Exploring the in vivo mechanism of cytotoxic T cell generation following a prime and boost with a peptide vaccine and poly-ICLC adjuvant, Sultan et al. found that dendritic cells are essential not only for peptide processing and cross-presentation, but also for producing IFN-I, which induces IL-15 in an unidentified bone-marrow-derived cell type to promote CTL expansion. Although both poly-IC and poly-ICLC were sufficient for stimulating TLR3 in the endosomal compartment for production of IL-12, poly-ICLC could also stimulate MDA5 in the cytoplasm, inducing higher levels of IFN-I production.

Cytotoxic T lymphocytes (CTLs) are effective components of the immune system capable of destroying tumor cells. Generation of CTLs using peptide vaccines is a practical approach to treat cancer. We have previously described a peptide vaccination strategy that generates vast numbers of endogenous tumor-reactive CTLs after two sequential immunizations (prime-boost) using poly-ICLC adjuvant, which stimulates endosomal toll-like receptor 3 (TLR3) and cytoplasmic melanoma differentiation antigen 5 (MDA5). Dendritic cells (DCs) play an important role not only in antigen presentation but are critical in generating costimulatory cytokines that promote CTL expansion. Poly-ICLC was shown to be more effective than poly-IC in generating type-I interferon (IFN-I) in various DC subsets, through its enhanced ability to escape the endosomal compartment and stimulate MDA5. In our system, IFN-I did not directly function as a T cell costimulatory cytokine, but enhanced CTL expansion through the induction of IL15. With palmitoylated peptide vaccines, CD8alpha+ DCs were essential for peptide crosspresentation. For vaccine boosts, non-professional antigen-presenting cells were able to present minimal epitope peptides, but DCs were still required for CTL expansions through the production of IFN-I mediated by poly-ICLC. Overall, these results clarify the roles of DCs, TLR3, MDA5, IFN-I and IL15 in the generation of vast and effective antitumor CTL responses using peptide and poly-IC vaccines.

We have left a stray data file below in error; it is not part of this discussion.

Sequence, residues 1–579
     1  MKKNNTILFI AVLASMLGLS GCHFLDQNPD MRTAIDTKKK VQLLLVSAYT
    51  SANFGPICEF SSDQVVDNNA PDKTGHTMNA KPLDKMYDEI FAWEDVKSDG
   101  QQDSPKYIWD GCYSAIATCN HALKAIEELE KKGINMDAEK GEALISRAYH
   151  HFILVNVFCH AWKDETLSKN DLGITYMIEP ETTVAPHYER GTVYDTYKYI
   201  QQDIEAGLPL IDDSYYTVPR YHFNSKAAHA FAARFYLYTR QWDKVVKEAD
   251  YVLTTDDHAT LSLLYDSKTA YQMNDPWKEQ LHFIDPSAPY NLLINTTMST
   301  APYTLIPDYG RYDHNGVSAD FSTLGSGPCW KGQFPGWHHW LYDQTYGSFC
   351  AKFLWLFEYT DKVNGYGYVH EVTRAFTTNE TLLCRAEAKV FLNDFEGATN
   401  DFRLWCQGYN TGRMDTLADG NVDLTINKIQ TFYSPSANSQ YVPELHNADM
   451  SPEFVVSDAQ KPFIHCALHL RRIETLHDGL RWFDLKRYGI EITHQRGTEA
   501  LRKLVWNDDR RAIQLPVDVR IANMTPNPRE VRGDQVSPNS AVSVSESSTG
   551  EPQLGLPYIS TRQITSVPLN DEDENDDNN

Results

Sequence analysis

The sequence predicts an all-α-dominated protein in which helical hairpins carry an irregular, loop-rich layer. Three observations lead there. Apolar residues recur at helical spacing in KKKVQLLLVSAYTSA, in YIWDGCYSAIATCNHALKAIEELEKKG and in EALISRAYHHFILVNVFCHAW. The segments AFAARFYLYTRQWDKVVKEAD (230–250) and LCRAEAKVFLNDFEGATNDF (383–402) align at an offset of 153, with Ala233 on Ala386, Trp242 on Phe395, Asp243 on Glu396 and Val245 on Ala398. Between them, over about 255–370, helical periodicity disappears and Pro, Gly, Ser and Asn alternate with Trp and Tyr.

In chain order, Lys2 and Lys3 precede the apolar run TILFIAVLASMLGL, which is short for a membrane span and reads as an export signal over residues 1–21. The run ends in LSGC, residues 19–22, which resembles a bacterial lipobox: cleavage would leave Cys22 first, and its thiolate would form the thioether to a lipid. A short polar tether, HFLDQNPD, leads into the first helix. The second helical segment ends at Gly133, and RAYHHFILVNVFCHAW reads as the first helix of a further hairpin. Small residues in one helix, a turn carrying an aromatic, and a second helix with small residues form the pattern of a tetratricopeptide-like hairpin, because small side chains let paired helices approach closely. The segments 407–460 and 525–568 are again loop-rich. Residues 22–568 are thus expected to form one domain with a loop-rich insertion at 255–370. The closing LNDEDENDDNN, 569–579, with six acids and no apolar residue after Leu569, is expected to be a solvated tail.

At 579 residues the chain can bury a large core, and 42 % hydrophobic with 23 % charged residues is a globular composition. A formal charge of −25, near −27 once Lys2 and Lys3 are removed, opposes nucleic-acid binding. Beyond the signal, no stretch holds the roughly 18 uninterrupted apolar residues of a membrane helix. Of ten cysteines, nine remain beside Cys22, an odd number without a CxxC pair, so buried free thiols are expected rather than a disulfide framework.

Author Info: (1) Cancer Immunology, Immunotherapy and Tolerance Program, Georgia Cancer Center, Augusta University, 1410 Laney Walker Blvd., CN-4121, Augusta, GA, 30912, USA. (2) Cancer Immunology, Immunotherapy

Author Info: (1) Cancer Immunology, Immunotherapy and Tolerance Program, Georgia Cancer Center, Augusta University, 1410 Laney Walker Blvd., CN-4121, Augusta, GA, 30912, USA. (2) Cancer Immunology, Immunotherapy and Tolerance Program, Georgia Cancer Center, Augusta University, 1410 Laney Walker Blvd., CN-4121, Augusta, GA, 30912, USA. (3) Department of Otolaryngology, Head and Neck Surgery, Asahikawa Medical University, Asahikawa, Japan. (4) Oncovir, Inc., Washington, DC, USA. (5) Cancer Immunology, Immunotherapy and Tolerance Program, Georgia Cancer Center, Augusta University, 1410 Laney Walker Blvd., CN-4121, Augusta, GA, 30912, USA. ecelis@augusta.edu.

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